The days of 2G voice calls are numbered at Verizon Wireless – 1260 days to be exact. Verizon last week told FierceWireless it has set a shutdown date for its CDMA 1X network, which still carries the majority of its voice traffic. That date is Dec. 31, 2019. If you still have a 2G/3G only phone – an increasing rarity these days in the U.S. – you still have plenty of time to upgrade to a 4G device, and Verizon has said it might extend that date if there are still a lot of 4G holdouts in three years’ time. But you’ve been put on notice: 2G networks won’t be around forever.
Verizon isn’t the only one bidding adieu to 2G. AT&T will begin shuttering its GSM network in less than six months, and operators around the world have announced similarly aggressive 2G sunset plans. Why are all of these operators mothballing perfectly good voice networks? The answer is spectrum. They need more of it to feed consumers’ growing hunger for data services, and with limited amount of new airwaves becoming free, they’re cannibalizing their 2G networks for more 4G capacity. They still need to offer voice, but new voice-over-LTE services can do that job much more efficiently than any 2G network.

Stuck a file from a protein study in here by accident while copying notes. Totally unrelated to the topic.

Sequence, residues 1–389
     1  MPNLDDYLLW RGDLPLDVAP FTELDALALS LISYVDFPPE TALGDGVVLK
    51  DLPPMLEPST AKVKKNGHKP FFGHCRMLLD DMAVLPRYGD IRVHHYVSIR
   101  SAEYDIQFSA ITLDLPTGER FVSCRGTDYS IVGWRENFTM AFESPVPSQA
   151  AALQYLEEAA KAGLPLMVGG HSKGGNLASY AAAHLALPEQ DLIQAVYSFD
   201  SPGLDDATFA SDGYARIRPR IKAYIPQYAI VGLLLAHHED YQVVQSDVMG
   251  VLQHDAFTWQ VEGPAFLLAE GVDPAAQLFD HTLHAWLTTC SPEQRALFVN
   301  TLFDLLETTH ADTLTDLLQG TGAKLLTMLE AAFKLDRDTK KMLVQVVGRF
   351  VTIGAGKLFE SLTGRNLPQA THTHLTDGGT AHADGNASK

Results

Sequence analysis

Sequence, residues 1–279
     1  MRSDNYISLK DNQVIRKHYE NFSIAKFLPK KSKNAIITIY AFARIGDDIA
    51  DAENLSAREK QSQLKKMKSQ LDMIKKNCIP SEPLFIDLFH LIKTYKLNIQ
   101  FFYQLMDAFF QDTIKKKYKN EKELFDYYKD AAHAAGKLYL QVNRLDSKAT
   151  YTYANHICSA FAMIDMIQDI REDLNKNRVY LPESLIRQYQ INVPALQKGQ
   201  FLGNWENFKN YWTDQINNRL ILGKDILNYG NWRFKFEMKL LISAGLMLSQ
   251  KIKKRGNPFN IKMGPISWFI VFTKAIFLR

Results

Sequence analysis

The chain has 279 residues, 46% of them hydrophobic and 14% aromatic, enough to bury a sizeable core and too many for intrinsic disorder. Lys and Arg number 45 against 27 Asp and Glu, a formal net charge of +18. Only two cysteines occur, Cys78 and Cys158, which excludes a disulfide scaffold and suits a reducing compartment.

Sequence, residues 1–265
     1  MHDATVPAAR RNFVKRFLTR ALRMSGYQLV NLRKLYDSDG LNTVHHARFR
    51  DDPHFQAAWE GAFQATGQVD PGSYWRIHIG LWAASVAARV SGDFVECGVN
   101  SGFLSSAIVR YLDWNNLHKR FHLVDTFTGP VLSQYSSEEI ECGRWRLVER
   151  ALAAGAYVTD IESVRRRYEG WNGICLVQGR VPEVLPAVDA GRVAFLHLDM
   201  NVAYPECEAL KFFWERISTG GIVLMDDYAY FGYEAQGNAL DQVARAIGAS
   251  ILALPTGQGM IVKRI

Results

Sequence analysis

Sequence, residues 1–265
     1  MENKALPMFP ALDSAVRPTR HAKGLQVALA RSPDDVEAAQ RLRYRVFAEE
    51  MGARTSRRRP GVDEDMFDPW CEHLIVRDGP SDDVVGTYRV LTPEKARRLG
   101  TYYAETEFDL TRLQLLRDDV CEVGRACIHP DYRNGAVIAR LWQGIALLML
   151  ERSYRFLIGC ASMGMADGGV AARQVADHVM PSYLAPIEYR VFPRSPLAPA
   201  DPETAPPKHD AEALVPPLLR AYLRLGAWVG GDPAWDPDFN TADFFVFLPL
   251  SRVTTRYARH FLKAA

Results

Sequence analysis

The main reason 2G is sticking around so long is not for mobile phones but for the industrial internet of things. There are 2G radios embedded in every manner of contraption from shipping containers to soda dispensers to farm combines, and they get replaced far less often than the typical consumer device. The last remnants of 2G networks won’t be serving phones; they’ll be serving the world of machines.
2G, we’re going to miss you. It was 2G that really kicked off the mobile revolution around the world, making mobile service widespread and affordable to the majority of the world’s population. But a market can only support so many generations of mobile technology simultaneously, and it’s looking like that number adds up to three generations. Right before the launch of 4G in the late 2000s, we saw the large-scale shutdown of the remaining 1G (AMPS) networks in the U.S. It’s likely no coincidence that 2G is going offline right before the expected global rollout of 5G services.